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Montevideo, December 9th 2022 - 19:21 UTC



AI calls on Hague for talks with Colombia more focused on human rights and less on trade

Friday, June 7th 2013 - 23:42 UTC
Full article 3 comments
The guerrilla, paramilitaries and security forces’ members have used sexual violence to sow terror, claims AI UK director Allen The guerrilla, paramilitaries and security forces’ members have used sexual violence to sow terror, claims AI UK director Allen

Amnesty International said that British authorities in their meetings with visiting Colombian President Juan Manuel Santos should not allow a ‘focus on commercial diplomacy to come at the cost of raising human rights. President Santos is basically on a business and trade visit to the UK, but is also expected to address issues of ‘security and intelligence”.

The timing of the visit is crucial given the on-going peace talks in Colombia, but according to AI “a stable peace will remain elusive unless the two sides put an end to human rights abuses, including unlawful killings and sexual violence, and the Colombian authorities make a firm a commitment to bring to justice all those responsible for such abuses”.

“Given the Foreign Secretary’s leadership around G8 on tackling impunity for sexual violence in conflict, Colombia’s lack of progress on combating conflict-related sexual crimes must be top of the agenda” said Kate Allen director of AI UK branch.

In Colombia, the guerrilla, paramilitaries and members of the security forces have used sexual violence to sow terror within communities, scare people off their land, and silence those campaigning on behalf of survivors of sexual violence.

“If William Hague is to honour his own commitments, it is these concerns that must come first – and not trade”, insisted Ms Allen.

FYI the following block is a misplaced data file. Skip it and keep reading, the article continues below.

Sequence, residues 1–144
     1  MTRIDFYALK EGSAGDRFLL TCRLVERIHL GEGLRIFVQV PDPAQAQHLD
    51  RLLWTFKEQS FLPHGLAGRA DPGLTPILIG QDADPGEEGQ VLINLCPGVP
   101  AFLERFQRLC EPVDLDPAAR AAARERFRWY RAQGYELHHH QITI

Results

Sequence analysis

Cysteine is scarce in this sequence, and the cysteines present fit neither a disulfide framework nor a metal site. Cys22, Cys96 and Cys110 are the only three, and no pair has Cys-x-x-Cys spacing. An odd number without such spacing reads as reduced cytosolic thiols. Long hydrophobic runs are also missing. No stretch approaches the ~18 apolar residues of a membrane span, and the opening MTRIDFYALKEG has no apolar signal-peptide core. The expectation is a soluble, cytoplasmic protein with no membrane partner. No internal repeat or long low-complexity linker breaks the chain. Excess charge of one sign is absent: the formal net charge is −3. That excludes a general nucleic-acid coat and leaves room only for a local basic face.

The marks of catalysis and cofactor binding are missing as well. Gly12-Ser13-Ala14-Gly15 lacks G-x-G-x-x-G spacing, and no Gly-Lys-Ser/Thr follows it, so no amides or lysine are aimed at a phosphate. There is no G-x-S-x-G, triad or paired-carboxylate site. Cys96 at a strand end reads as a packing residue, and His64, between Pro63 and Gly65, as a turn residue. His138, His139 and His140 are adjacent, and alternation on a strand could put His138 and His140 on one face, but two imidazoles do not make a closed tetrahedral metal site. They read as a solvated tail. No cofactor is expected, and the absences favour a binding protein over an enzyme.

The meeting comes at a crucial time in Colombia’s legislative program, as the Colombian Congress is debating reform of the military justice system, which could see many more members of the security forces evade justice for serious human rights violations.

During a visit to the UK in 2011, President Santos gave assurances that military courts would not have jurisdiction over cases implicating the security forces in human rights violations.

“The reform will give the military greater control over criminal investigations involving members of the security forces in human rights violations, including cases of conflict-related sexual violence”, said Ms Allen.

“On paper it appears to represent a massive U-turn by President Santos on the promises he made two years ago, The Foreign Secretary must use this opportunity to make clear his opposition to this reform”.

Categories: Politics, International.

Top Comments

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  • ChrisR

    Without trade he cannot even start to discuss the internal problems of this strife torn country.

    It's none of the UK's business otherwise.

    Jun 09th, 2013 - 12:42 pm 0
  • Islander1

    Quite agree AI frequently live is a wet doughie eyed fantasy world, forgetting that different countries have different problems.

    Jun 10th, 2013 - 10:41 am 0
  • Conqueror

    She's just jealous. Ugly, four eyes wants a bit of “sexual violence”.

    Jun 10th, 2013 - 02:05 pm 0
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